Another play that was just a really well-designed concept of the Bucs was their third score of the game. It came midway through the second quarter, down in the red zone. Remember last week against Miami, where Malcolm Jenkins nearly intercepted two passes because the Dolphins ran a pick concept down on the goal line? It was another "in and out" concept, where the slot defender was responsible for the in-breaking route and the cornerback on the outside was responsible for the out-breaking route.
The Eagles don't use that tactic every time down on the goal line, but like a lot of teams do, it's an efficient way to defend against those concepts. Well, Tampa Bay counted on that, so it ran a deceptive play where they counted on the slot defender (in this case, E.J. Biggers) taking the in-breaking route, only to take the receiver who appeared to be breaking outside and sending him back in toward the post. This was an impossible throw for Nolan Carroll to defend, and it's a touchdown for Tampa Bay.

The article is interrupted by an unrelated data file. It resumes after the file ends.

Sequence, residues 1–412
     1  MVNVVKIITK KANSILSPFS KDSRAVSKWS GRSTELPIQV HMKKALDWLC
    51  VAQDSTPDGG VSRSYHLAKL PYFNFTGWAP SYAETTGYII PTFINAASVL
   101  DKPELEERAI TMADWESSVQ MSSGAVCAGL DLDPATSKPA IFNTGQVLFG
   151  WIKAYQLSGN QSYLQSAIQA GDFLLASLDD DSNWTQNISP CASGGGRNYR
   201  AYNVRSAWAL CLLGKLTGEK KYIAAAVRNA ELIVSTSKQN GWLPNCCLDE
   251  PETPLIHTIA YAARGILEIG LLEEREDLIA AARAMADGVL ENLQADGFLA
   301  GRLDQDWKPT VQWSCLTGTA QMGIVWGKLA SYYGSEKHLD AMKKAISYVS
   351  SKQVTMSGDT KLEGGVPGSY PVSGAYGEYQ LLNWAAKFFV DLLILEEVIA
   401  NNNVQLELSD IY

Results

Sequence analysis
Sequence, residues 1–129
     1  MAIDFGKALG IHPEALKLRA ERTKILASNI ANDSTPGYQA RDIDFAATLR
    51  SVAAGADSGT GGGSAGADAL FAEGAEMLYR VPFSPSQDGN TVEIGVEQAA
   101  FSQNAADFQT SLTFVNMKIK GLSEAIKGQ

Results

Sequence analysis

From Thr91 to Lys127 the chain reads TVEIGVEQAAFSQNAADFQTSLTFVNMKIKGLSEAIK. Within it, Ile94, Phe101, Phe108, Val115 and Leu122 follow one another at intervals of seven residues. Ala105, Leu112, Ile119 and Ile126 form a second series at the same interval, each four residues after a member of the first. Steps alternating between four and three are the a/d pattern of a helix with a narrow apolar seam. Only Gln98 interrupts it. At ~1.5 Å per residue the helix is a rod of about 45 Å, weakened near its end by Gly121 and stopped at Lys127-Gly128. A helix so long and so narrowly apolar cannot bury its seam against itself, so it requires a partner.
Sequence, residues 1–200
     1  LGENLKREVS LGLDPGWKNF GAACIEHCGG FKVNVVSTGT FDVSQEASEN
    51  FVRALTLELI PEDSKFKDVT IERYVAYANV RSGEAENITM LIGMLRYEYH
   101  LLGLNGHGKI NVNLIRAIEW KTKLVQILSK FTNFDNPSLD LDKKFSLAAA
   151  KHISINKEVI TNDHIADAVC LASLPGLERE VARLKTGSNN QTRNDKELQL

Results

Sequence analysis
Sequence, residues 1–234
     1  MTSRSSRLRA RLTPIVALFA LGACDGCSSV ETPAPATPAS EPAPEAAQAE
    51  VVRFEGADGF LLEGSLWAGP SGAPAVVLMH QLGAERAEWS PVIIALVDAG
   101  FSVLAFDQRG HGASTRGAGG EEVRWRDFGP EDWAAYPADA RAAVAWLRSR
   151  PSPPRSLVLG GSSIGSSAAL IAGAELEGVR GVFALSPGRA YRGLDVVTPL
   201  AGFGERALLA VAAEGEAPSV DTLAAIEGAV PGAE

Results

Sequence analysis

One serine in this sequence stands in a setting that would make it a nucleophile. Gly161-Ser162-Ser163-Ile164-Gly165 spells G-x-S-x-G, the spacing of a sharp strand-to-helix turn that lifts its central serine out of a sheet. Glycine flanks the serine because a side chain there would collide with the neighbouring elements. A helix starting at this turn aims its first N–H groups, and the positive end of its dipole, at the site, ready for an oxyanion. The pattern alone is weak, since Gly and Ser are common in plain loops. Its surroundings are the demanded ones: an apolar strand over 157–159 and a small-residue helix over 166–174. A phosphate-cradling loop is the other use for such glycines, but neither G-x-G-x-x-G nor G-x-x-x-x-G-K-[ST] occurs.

This was tough tape to watch, and the Eagles' players in all three phases will certainly do some soul searching during a short week of preparation for the Detroit Lions. As I said earlier, I'm anxious to see how this team responds on Thanksgiving.
Fran Duffy is the producer of "Eagles Game Plan" which can be seen on Saturdays during the season. Be sure to also check out the "Eagle Eye In The Sky" podcast on the Philadelphia Eagles podcast channel on iTunes. Prior to joining the Eagles in 2011, Duffy was the head video coordinator for the Temple University Football team under former head coach Al Golden. In that role, he spent thousands of hours shooting, logging and assisting with the breakdown of the All-22 film from the team's games, practices and opponents.